• OnStar subscriber discount. GMAC Insurance will begin rolling out a special subscriber discount for OnStar customers in several states, with plans for national expansion. The discount is the result of research that showed the safe driving habits of OnStar subscribers. This is in addition to the enhanced safety discount given when vehicles are equipped with the OnStar system, and premiums are adjusted accordingly with discounts up to 20%.
  • Mileage-based insurance. GMAC Insurance and OnStar began piloting a new mileage-based consumer insurance concept in February. The program will offer discounts to eligible subscribers in three states as part of a test program to validate feasibility and customer appeal.

Eligible customers must have an active OnStar subscription and drive a qualified GM vehicle since OnStar's vehicle connectivity provides the basis for this service.
With the customer's permission, OnStar will verify mileage on a vehicle twice during the policy period. Because of the ability to cost-effectively gather actual mileage readings, discounts can be as high as 40%. The lower the vehicle mileage, the more significant the discount.

Clearly, the delivery of mileage-based insurance is an exciting prospect to GMAC Insurance officials.

"Mileage-based insurance provides us with a better, more efficient way to forecast risk," says Hogan. "To date, there has not been a feasible way to offer coverage based on miles driven." Hogan says consumers will embrace this concept "because it empowers them to take control of the terms of their auto insurance."

Separately, GMAC Insurance also plans to offer two new OnStar-enabled services for the GM Dealer network.

Once the program builds momentum, GMAC hopes to generate a host of new business opportunities.

However, Hogan could not provide details, adding only that "we've put together projections of what kind of new business premium we can generate from this venture, but we'd rather not get into specifics until we've completed the pilot program."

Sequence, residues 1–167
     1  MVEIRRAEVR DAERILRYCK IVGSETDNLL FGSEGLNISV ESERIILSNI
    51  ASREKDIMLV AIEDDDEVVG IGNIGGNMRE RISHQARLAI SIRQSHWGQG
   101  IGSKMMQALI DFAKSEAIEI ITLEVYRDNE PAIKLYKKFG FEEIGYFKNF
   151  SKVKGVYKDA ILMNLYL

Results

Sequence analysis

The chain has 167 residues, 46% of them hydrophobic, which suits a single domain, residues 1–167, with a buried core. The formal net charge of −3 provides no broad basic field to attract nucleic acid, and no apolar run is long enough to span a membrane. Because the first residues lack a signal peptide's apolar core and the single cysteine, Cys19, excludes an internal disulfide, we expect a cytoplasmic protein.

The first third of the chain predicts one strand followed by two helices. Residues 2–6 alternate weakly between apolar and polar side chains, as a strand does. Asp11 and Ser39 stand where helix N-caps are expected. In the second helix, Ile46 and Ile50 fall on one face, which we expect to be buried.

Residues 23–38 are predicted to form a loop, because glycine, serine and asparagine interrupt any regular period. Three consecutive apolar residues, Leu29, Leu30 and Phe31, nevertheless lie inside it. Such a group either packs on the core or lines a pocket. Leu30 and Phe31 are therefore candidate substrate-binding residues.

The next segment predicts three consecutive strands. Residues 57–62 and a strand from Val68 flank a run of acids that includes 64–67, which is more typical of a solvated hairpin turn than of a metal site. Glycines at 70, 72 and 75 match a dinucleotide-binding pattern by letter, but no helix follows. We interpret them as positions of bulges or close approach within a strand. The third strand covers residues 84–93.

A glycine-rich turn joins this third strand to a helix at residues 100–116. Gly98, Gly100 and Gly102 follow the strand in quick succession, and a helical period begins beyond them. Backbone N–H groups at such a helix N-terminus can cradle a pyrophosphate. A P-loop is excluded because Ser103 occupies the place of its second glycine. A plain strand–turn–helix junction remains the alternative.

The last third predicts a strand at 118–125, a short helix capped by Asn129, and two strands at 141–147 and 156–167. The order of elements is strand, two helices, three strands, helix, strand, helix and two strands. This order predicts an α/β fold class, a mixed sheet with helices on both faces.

Not much value

Gartner's Cournoyer says that while the OnStar technology can be a potential cost-saving boon for those OnStar subscribers who drive less, individuals who drive more might not find much value with this program.

"I would think that the OnStar subscribers that drive a great deal would not have an interest in this program because once it's revealed how much they drive, they conceivably could pay a higher rate than what they already pay through their existing insurance provider," she explains.

Another potential barrier: It's not always advantageous for consumers to switch auto insurance, so there's a question of whether OnStar subscribers would be willing to abandon their existing providers for GMAC.

Complicating matters is that many insurers bundle a homeowners policy with auto or other lines-discounting one coverage in return for the remainder of an individual's business. Hogan says that GMAC Insurance is prepared to offer homeowners or renter's insurance. It could be part of a package deal to help win over a greater number of OnStar customers.

In the long run, industry observers are curious about how expansive a program like this could become. "IBM explored this type of program. And I would think that several technology vendors that support the insurance industry could leverage their competencies to this type of effort," Cournoyer says.

"Also, I'd have to imagine that OnStar would want to sell or license this technology to other auto insurers. Really, if there are no exclusivity terms, why limit this technology to only the parent company," she says.